Congressman, if you somehow imagine that the voters in this region are going to forgive Mr. Hoffa, Governor Granholm and you if you are able to wield the considerable power of your offices to block all or part of the $44 million Northern Michigan Hospital receives in Medicare funds and/or pull licenses the hospital needs to provide the best possible health care to “our“ community, you sir, are sadly mistaken.
Congressman, the heretofore benign propaganda campaign waged by you and the governor is understandable and appropriate. But when you threaten a serious funding cut at NMH in an attempt to break the resolve of the hospital‘s administration and board of trustees (via a highly placed blackmail scheme), that becomes a PERSONAL THREAT leveled by you against your constituents that seriously endangers the well-being of each and every one of us.
Consequently, General Zhukov back off or come the first Tuesday in November you may be exiled to Menominee, Michigan.

Steve A. Redder • Petoskey

Selective outrage

By now everyone has heard of the stunt pulled by Janet Jackson and Justin Timberlake during half-time at the Super Bowl. The reactions of moral outrage are pouring in from a variety of places, many of them unexpected.
It is with a great sense of irony that those making the charge of indecency based upon monetary gain are themselves under suspicion for doing exactly the same thing, although in a completely different context. Michael Powell, chairman of the Federal Communications Commission, recently promoted a set of rules regarding media ownership in this country. These rules relaxed antitrust provisions designed to ensure that the American public obtain a diversity of views and that media conglomerates don‘t monopolize local television, radio and newspaper outlets. These rules were so controversial that even conservative Republican members of Congress passed legislation against it under threat of veto by President Bush who supports monopoly corporate control over news outlets.
This very same gentleman, Michael Powell now takes it upon himself to persuade other members of the FCC to launch an investigation into Janet and Justin‘s antics at the Superbowl. He was quoted as saying that he found their whole performance morally offensive, not just the incident in question. Other than being the son of Colin Powell, our present Secretary Of State, and other than being an effective spokesperson for large corporate media interests, what other qualifications does Michael Powell have regarding issues of indecency? Does not the moral concept of indecency go beyond the sexual and embrace other aspects of our lives?
Should not the self-professing Christian practice morality in all areas, including their business relationships? I recently had an interesting conversation with a gentleman whom I was chatting with in a restaurant. He made frequent references to his strong belief in Christianity and yet upon further discussion he stated that he didnt feel such moral laws applied to either business or politics. In those realms anything goes, yet he felt comfortable about his Christianity simply because he was faithful to his wife and family.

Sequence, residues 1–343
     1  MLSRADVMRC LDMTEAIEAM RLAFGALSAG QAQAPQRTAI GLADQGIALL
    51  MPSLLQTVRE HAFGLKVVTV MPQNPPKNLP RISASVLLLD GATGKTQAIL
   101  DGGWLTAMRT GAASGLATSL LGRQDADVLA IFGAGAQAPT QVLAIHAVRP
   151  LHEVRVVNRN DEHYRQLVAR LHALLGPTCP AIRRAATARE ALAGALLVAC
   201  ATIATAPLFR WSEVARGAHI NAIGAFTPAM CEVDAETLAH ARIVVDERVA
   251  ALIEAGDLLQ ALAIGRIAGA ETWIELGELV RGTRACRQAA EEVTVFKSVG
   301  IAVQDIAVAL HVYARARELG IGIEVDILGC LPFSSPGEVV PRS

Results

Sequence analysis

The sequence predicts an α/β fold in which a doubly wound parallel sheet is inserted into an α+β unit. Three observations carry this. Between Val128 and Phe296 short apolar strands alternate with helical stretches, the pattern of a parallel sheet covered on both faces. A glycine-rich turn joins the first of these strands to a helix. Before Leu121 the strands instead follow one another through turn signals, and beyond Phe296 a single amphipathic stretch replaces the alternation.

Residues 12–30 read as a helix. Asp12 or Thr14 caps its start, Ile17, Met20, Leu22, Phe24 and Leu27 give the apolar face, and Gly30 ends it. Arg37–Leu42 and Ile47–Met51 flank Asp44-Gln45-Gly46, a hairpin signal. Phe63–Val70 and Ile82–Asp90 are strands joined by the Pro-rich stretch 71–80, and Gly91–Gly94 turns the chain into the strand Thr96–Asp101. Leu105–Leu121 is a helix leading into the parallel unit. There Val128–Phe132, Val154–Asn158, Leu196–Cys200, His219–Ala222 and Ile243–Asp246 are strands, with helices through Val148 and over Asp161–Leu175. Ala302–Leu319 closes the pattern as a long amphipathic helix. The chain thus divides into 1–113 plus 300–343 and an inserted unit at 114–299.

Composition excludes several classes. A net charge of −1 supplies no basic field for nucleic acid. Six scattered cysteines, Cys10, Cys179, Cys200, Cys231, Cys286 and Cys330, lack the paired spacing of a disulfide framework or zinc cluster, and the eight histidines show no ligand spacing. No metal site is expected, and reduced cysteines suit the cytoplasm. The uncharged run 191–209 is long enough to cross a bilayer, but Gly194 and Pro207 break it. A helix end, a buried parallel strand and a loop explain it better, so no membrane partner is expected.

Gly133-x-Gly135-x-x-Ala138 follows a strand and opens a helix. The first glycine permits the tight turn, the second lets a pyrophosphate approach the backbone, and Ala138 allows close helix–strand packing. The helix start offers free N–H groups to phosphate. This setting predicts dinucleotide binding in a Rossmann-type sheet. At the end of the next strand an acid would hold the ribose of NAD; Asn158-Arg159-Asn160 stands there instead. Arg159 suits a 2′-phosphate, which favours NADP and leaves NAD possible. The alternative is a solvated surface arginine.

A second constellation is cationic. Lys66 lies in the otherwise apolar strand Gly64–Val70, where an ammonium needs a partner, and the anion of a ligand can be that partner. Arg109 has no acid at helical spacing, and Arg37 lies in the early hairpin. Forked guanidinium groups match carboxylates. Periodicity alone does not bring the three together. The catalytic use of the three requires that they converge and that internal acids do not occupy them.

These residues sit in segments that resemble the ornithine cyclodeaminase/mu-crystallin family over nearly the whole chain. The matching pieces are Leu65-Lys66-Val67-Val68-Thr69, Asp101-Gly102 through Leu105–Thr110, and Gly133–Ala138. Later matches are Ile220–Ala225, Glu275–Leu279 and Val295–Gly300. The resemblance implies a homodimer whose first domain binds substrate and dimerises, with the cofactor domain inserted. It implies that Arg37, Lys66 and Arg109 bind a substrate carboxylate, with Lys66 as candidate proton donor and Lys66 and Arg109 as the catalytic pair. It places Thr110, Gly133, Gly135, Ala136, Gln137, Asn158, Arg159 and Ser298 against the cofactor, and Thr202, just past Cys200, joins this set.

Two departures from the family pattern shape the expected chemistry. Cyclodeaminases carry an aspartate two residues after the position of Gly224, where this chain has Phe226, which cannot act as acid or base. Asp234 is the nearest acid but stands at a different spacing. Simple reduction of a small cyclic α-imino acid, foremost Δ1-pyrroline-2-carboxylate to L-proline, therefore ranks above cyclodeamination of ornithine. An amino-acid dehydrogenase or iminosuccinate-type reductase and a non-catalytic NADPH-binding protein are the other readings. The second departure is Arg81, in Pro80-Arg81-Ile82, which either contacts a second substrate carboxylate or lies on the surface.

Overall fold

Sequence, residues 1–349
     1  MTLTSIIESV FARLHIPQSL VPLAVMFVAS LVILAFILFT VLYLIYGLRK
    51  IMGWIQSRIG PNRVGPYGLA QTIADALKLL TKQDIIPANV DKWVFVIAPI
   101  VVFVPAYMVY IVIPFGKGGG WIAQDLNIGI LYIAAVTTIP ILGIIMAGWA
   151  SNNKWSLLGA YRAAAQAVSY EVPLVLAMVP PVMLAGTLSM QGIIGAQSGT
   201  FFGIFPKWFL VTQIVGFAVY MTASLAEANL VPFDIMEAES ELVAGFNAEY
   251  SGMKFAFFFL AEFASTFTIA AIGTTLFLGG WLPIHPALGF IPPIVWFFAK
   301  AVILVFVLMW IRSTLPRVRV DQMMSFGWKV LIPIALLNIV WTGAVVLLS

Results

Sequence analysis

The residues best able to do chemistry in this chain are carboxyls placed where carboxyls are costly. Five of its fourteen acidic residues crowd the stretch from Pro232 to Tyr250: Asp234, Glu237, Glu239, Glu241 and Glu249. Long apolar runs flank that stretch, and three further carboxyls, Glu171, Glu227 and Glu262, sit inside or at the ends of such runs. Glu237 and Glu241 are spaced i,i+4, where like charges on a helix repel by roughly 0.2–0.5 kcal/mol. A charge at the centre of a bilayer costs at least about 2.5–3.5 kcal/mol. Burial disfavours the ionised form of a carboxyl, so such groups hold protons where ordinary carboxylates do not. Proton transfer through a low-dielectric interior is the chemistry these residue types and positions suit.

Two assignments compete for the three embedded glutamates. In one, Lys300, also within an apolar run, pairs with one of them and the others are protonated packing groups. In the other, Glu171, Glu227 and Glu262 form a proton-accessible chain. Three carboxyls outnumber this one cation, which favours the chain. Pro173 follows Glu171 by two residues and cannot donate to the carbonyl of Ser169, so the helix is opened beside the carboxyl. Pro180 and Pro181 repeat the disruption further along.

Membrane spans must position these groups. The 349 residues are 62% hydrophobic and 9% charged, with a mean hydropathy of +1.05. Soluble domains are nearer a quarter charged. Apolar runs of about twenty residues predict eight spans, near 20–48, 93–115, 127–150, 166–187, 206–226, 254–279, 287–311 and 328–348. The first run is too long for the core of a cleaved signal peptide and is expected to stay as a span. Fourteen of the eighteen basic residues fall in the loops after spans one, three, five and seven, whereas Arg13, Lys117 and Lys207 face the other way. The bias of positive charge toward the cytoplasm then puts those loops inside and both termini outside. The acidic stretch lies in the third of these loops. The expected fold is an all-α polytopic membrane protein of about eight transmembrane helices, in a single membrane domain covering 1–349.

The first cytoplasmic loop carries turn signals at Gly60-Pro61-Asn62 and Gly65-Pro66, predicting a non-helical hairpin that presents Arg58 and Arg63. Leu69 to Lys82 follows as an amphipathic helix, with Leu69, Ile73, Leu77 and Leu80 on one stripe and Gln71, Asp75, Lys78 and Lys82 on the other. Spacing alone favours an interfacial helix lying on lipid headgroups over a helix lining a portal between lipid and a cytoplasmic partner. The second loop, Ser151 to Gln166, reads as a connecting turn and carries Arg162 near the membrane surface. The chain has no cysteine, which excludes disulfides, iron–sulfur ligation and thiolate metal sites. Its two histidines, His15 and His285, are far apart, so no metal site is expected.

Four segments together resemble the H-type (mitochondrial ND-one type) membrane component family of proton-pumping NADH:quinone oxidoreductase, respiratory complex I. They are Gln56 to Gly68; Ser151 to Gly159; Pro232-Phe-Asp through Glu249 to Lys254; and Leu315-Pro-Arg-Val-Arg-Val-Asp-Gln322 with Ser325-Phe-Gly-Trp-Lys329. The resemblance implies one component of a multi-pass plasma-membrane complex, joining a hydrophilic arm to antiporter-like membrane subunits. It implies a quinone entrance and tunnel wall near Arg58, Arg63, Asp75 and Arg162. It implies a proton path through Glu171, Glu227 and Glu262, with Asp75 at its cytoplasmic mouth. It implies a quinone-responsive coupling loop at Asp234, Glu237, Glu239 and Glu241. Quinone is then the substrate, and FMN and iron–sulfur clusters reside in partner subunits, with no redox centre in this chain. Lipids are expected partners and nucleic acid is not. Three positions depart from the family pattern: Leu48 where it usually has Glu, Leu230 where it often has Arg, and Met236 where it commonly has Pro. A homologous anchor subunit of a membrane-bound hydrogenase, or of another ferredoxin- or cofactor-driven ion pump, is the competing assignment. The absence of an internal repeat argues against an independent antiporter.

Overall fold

One of the more galling examples of hypocrisy comes from movie director Spike Lee, who was quoted as saying that Janet Jackson sold her soul. His exact quote was, “It‘s getting crazy, and it‘s all down to money and fame.” This is a curious criticism coming from a gentleman who years ago produced a film called “Do the Right Thing,” which was full of racial provocation and many would say incitement to violence.
Indecency like morality and beauty are in the eye of the beholder. Most of us have some religious heritage that emphasizes the Judaeo-Christian ethic. We don‘t agree on all issues concerning ethics and morality in general. Yet, surely fair-minded people can recognize hypocrisy when they see it. Surely the person who says that anything goes regarding business practices and yet condemns sexual indecency cannot be considered morally consistent.
Jesus was quoted as saying to the Pharisees that, “You choke on a gnat and swallow a camel.” We seem to be doing just that regarding this incident at halftime during the recent Super Bowl. In no way do I condone the behavior of Janet Jackson or Justin Timberlake. They deserve to be censured and perhaps fined. But in a society which is riddled with pornography of all varieties, in a society in which corporate crimes go largely unpunished with consequences far more severe than public indecency, our moral outrage shouldn‘t be so selective.

Brian Morgan • Gaylord

Cowtowing to special interests

There‘s a bittersweet irony to the mad cow crisis. A year or two ago the meat packing industry paid off congressmen to vote against a law that would ban the use of downer cows for human consumption. The lobbyists persuaded the congressmen to adopt their own letter supporting the slaughter of downer cattle. The bill was narrowly defeated. The meat packers‘ triumph has now turned into a monster with the appearance of mad cow disease in the food supply. Previously determined to profit from about 20,000 downer cattle, now the meat industry is faced with a boycott by 30 countries and millions of dollars in undeliverable meat.
Is no one embarrassed here? The meat packers for being greedy? The Congress for being bought by lobbyists? Or for letting special interest groups like the drug industry and HMOs write laws in their favor? Why isn‘t the public enraged that lobbyists buy votes and congressmen reward wealthy constituents by cowtowing to their special interests?

Harley Sachs • Houghton